Posted by: pilgrm34 | August 27, 2011

home

August 25, 2011

Just yesterday my friend Tony called my garden a jungle. I prefer to think of it as ordered chaos, an over-size cottage garden. Whatever…

Canadian geese fly low overhead every night. I live maybe 1000ft uphill from the Willamette River. They arrive at dusk and barely clear my fir trees. When I was out closing the coop they passed overhead silently except for the sound of powerful flaps as outstretched wings sifted the air gracefully and surely heading north to roost. Summer brings the rhythms of life: sunrise; heat rising; sunset; Canadian geese fly over; moon rises; stars appear in their familiar, comforting pattern.

Often they call to each other. Usually I don’t hear the raucous honk until they’re startlingly overhead. I stop whatever I’m doing and gaze upward to see the beige-white bellies with clumsy black feet tucked up, long, dark wings unhurriedly rising and falling with a the grace of surety, necks straining forward, eyes on home. They never look down. I watch the nightly ritual respectfully as do my hens who stand still and crane their necks until we can’t hear them anymore. Maybe we’re thinking the same thing: admiration; envy. The geese are heading to roost on the water due north, possibly on Sauvie Island’s large lakes—points north anyway. They will join their fellows in a large enclave with nightly rituals known only to them.

I watch and wonder with a certain awe how they know what to do without second guessing, fanfare or suffering—they just know how to get home. In Derrick Jensen’s memoir “A Language Older Than Words,” he confesses weeping after watching geese fly over realizing his own monumental struggle to find ‘home.’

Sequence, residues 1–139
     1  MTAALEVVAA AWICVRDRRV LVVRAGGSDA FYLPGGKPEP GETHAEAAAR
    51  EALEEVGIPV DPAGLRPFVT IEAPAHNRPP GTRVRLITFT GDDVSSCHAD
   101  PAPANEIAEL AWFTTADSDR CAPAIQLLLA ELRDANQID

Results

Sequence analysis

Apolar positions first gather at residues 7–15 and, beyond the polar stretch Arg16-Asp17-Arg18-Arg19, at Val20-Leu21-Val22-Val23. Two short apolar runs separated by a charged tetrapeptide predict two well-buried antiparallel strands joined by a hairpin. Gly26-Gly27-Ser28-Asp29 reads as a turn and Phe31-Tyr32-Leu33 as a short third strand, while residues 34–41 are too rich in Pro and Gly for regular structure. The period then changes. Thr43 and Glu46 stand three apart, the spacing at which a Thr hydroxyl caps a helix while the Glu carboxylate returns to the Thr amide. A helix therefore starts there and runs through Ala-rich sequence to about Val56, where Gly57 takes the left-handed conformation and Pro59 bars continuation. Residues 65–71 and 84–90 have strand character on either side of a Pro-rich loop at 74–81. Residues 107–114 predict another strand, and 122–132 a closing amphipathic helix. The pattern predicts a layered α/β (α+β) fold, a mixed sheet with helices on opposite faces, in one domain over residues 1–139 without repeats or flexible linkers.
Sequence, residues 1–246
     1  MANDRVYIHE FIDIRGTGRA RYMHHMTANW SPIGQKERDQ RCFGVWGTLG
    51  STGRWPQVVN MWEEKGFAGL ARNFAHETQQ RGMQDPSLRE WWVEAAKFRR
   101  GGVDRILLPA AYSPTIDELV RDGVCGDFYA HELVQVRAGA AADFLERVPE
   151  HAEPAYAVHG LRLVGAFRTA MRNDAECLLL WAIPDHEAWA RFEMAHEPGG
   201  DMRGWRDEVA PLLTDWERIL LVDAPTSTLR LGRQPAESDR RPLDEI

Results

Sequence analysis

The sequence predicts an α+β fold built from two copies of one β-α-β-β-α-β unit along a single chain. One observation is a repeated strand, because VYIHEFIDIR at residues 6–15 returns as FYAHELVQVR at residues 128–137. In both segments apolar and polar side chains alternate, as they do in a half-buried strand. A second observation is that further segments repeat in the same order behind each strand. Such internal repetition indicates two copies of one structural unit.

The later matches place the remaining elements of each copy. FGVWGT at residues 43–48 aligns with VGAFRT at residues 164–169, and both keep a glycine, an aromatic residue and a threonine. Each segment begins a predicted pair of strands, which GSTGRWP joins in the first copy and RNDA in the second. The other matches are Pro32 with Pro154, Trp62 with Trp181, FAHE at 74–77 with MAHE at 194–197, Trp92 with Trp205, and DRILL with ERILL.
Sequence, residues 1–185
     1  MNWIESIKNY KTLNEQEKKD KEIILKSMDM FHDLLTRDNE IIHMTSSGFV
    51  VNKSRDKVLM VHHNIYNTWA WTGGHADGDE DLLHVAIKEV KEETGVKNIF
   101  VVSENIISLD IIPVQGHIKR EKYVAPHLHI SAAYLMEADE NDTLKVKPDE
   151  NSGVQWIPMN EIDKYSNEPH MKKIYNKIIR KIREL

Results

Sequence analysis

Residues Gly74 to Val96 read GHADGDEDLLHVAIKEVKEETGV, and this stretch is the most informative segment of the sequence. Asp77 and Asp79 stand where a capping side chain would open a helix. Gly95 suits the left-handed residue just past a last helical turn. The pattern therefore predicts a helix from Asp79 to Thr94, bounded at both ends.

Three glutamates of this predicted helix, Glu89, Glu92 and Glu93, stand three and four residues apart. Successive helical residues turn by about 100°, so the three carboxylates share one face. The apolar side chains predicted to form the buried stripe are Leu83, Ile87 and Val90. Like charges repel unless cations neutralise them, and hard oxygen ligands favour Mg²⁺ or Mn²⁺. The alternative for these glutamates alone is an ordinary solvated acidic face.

I envy their freedom. They don’t have to gain approval from others in order to subsist. They are simply free to do what they do. It puts me in mind of Matthew 6:26, which I’ve always found fascinating: “Look at the birds of the air, they neither sow nor reap nor gather into barns, and yet your heavenly Father feeds them. Are you not of more value than they?” (Matt. 6:26, NRSV)

How is it possible to trust like they do? Why must I procure favor in order to have a living? Is it possible to really believe I can live like the geese dependent on no one? It’s a revolutionary concept. Our society, instead, is based on fear as Jensen says numerous times. Fear and feelings of inferiority drive us. We need human approval. Failure to instead trust in the Divine IS the subject of Scripture, both Hebrew and Christian—think Exodus. We have thousands of years of written spiritual history to document the struggle. We usually lose. Instead, we place our trust in political leaders and employers. Trust in the Divine does not come easily then or now. Very often I watch the geese pass and stand lost in silent meditation.

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